Refugee couple Bol and Rial (Sope Dirisu and Wunmi Mosaku) make a harrowing escape from war-torn South Sudan in search of safety. They arrive in a small English town and the government place them a seemingly normal estate house. But the couple struggle to settle into their new life when they hear scratching and banging behind the walls. Where is the real source of evil; inside the house or outside their walls?
There is little scarier in our modern world than the plight of millions of refugees worldwide. People looking for a better life often have to navigate extreme violence and poverty in their country before they escape, over land or sea, on an even more dangerous journey. When they eventually arrive in their new ‘home’ they are forced to isolate with other refugees, often for years and without adequate trauma support, trying to get a visa; all while being treated as suspicious and untrustworthy outsiders by the local community.
It’s perfect material for social commentary and for horror. His House, Netflix’s newest film in a slew of recent projects and Remi Weekes’ directorial debut of, nails both briefs.
Weekes shows no signs of being fazed by directing and writing a movie which debuted at the Sundance Film Festival in January and was subsequently acquired by Netflix. His House oozes character, juggling the twin horror/tension builders of a house plagued by the ghosts of a traumatic past and an outside world that’s indifferent at best and often aggressive to outsiders. In fact, the film makes some striking and extremely damning points about society’s treatment of those who are different and the inhumane handling of refugees by governments. There’s no film quite like it that addresses the refugee crisis, and it really help His House to stand above Netflix’s other horror films.
The plot of His House impressively blends two horror elements at first: the haunting within the house and the refugee couple’s struggle to fit into a new society. The latter point is particularly insidious, a slow-burning dread marked by social workers and townspeople saying things like “be one of the good ones”. This veiled threat plays on your paranoia throughout the film; but as it progresses this tension drops as the ghost narrative comes more to the fore. Had Weekes better balanced these twin messages, His House could have been unrelentingly frightening.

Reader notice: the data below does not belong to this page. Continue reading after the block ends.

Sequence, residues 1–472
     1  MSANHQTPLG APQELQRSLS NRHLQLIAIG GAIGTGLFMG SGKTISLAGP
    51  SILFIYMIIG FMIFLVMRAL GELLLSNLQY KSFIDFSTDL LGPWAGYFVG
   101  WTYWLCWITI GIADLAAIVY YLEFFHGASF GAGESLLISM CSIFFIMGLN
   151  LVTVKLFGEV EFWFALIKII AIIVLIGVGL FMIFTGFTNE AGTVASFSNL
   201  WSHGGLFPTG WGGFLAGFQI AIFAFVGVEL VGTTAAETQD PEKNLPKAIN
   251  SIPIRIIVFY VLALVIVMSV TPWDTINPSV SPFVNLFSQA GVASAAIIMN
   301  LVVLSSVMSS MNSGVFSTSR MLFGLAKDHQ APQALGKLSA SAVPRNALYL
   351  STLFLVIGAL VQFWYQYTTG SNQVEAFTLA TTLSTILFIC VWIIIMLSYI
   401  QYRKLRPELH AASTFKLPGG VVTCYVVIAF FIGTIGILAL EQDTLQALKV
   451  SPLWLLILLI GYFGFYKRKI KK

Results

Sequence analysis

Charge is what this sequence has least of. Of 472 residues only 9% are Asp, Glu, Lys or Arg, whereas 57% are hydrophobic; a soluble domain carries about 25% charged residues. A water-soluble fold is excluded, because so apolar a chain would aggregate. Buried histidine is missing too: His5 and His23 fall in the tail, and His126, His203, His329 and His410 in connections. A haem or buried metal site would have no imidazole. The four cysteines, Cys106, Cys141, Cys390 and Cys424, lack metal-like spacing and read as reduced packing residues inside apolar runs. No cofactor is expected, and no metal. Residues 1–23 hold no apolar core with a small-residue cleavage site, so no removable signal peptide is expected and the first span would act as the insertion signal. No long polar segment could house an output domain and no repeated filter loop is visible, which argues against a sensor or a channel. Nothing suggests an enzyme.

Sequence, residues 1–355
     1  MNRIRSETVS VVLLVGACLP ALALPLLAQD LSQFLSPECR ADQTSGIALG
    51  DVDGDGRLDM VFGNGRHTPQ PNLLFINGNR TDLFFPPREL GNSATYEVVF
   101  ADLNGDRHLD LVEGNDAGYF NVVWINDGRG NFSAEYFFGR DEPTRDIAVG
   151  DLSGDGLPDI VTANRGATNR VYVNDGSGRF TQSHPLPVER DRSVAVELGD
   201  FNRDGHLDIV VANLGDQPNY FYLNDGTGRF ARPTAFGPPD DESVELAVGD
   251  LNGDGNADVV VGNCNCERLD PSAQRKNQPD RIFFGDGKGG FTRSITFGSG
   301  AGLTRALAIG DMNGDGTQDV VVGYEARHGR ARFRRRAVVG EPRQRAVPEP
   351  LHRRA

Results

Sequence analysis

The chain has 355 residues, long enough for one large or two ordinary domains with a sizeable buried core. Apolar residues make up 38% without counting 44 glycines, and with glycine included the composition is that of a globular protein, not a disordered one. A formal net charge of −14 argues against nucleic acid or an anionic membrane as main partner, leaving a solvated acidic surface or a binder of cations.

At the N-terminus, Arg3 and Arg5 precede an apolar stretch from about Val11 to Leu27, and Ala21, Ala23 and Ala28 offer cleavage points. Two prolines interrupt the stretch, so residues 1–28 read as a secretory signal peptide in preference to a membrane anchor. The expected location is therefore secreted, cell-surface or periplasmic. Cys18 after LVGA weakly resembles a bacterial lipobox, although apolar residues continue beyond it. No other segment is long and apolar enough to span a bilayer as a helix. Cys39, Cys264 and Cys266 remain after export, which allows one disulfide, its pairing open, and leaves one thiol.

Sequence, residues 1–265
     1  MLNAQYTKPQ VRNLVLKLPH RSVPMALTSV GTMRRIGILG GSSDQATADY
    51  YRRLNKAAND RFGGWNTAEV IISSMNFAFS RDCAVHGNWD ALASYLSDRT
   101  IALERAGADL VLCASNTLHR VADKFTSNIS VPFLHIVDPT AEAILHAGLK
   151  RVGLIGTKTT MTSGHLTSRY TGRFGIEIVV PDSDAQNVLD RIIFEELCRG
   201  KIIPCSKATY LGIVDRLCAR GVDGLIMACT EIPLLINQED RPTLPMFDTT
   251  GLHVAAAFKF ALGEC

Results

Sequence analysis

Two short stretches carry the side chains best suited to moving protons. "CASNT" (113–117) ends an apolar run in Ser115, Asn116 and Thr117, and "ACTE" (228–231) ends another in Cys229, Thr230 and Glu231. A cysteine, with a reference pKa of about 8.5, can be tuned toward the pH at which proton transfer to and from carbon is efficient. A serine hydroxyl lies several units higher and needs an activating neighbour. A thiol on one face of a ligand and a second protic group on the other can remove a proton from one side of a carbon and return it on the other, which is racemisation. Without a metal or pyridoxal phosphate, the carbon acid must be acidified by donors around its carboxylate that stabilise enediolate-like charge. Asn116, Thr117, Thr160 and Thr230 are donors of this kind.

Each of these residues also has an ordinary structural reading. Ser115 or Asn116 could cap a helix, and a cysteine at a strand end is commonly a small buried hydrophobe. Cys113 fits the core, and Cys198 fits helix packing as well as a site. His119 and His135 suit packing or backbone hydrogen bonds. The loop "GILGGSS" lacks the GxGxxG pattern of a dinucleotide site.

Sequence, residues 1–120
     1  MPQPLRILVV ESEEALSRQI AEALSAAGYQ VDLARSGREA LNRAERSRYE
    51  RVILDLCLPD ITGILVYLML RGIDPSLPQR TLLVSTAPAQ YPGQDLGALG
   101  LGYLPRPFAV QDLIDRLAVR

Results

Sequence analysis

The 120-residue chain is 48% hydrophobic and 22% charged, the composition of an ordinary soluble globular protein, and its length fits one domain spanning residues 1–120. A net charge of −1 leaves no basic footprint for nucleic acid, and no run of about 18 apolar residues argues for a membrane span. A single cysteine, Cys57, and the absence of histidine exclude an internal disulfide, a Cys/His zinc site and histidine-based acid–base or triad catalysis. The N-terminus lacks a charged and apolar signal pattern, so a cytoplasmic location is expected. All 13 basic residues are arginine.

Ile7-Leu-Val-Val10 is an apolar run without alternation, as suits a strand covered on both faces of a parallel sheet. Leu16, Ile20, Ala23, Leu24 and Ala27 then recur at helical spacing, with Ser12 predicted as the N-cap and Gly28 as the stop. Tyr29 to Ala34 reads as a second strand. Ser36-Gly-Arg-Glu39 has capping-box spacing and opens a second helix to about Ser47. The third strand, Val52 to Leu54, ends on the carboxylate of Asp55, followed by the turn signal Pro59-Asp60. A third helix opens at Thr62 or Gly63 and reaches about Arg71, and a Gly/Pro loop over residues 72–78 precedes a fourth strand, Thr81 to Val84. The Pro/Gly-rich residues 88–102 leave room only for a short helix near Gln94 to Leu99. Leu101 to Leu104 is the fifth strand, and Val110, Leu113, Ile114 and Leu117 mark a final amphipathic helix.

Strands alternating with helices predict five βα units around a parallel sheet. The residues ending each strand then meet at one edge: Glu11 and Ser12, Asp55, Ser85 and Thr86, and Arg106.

His House Leads Sope Dirisu and Wunmi Mosaku are intensely impactful as married couple Bol and Rial, with both actors crafty in communicating their respective traumas. Dirisu’s Bol tries to white-wash his past, playing up his new ‘English’ identity in how he eats and talks, and literally trying to destroy then rebuild their house. Mosaku’s Rial, meanwhile, wears her scars outwardly, retaining her Sudanese dress and openly acknowledging her daughter’s death. These different forms of grieving play off each other to build tension. Towards the film’s climax, as Bol goes mad, the couple’s chemistry falls away as the plot picks up pace though, losing the spark generated across the film. There is little for the supporting cast to do either. Matt Smith is wasted as pally caseworker Mark as he starkly contrasts the indifference of others in the refugee system; a lost opportunity to use an intriguing character to further criticise the treatment of refugees.
His House is an ingenious take on the over-done haunted house story. A few plot tweaks, and some more involvement from the supporting cast, would have made this a modern classic.
The horror of His House goes beyond the ghouls; it’s in every moment the couple step outside their front door or confront their traumatic past. 7/10.